"Students truly 'get' math when they see it applied in real-life ways they care about—in other words, when they see math as a tool they need and want. This motivation is not promoted in word problems about the number of books or the number of students in a classroom. However, when you give small groups of students 67 toothpicks and some index cards and then ask them to model the pizza party seating problem described earlier, they’ll build the experiential knowledge of a real-world situation where remainders are not helpful. When they consider dividing leftover pieces of pizza into parts, they will see that fractions or decimals are a valuable tool to make the pizza sharing process fair, whereas a 'remainder' would imply that perfectly good pieces of pizza sit in the box because there is no way to divide them."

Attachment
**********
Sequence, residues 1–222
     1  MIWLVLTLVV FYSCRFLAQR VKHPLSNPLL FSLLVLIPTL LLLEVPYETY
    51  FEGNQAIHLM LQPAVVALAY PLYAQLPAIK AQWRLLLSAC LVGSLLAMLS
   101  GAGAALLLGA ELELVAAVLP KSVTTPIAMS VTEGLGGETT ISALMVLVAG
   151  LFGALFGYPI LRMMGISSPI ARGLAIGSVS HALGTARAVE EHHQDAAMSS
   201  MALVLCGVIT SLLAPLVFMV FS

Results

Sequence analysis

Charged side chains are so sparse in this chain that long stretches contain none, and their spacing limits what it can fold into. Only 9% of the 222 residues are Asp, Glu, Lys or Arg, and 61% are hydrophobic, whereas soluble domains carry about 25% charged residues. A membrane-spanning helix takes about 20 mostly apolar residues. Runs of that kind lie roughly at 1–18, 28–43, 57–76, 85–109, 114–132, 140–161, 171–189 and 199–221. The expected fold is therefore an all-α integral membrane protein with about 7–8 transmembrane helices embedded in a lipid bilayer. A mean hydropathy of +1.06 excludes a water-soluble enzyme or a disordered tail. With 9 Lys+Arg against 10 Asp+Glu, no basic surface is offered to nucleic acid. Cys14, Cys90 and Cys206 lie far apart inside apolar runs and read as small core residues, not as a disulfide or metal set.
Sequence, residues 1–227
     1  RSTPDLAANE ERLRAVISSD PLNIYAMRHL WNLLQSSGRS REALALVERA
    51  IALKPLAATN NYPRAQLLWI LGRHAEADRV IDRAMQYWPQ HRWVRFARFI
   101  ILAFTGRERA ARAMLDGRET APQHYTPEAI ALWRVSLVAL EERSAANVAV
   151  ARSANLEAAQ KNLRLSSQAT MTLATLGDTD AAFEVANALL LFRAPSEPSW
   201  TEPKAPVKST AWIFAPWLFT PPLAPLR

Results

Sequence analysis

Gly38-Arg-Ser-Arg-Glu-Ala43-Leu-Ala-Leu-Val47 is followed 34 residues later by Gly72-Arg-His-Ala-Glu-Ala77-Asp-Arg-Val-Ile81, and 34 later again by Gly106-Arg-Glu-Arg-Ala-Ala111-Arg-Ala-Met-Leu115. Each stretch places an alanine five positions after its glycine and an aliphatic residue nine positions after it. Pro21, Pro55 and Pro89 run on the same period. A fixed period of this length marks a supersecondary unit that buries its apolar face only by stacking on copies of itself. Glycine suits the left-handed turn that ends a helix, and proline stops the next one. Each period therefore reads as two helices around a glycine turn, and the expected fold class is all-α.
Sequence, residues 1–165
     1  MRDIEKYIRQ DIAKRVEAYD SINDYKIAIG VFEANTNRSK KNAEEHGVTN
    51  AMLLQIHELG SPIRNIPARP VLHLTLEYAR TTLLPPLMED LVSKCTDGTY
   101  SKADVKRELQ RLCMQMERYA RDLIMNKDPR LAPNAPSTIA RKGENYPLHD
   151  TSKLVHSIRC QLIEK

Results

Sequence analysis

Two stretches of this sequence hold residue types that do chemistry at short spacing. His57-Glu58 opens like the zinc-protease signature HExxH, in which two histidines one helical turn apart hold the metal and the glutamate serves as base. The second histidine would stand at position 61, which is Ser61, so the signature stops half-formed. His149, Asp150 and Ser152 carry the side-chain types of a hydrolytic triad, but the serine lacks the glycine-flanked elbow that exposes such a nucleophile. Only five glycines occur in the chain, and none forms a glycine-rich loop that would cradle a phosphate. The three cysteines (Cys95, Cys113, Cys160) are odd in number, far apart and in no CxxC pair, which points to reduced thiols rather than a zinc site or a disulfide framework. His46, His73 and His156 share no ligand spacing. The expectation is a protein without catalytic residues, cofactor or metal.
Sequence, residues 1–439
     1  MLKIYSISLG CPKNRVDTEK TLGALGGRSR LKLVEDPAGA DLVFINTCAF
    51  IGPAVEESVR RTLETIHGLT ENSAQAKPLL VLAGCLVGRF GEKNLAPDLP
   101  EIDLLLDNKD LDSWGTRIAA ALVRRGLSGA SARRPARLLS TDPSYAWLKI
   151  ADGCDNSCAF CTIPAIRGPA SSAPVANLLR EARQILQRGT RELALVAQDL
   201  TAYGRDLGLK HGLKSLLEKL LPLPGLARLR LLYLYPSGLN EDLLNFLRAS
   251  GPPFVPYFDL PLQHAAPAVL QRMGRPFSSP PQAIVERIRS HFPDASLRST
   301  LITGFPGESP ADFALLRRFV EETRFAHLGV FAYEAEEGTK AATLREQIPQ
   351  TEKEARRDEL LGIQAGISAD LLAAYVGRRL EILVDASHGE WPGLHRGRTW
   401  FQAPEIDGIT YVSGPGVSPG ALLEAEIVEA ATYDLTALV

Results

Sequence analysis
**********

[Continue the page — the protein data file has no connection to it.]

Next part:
The above excerpt is taken from the pages of Learning to Love Math, by Judy Willis. Chapter 1. Reversing Math Negativity with an Attitude Makeover can be read online here. This is one of the most important and impressive articles I’ve seen on math education in a very long time!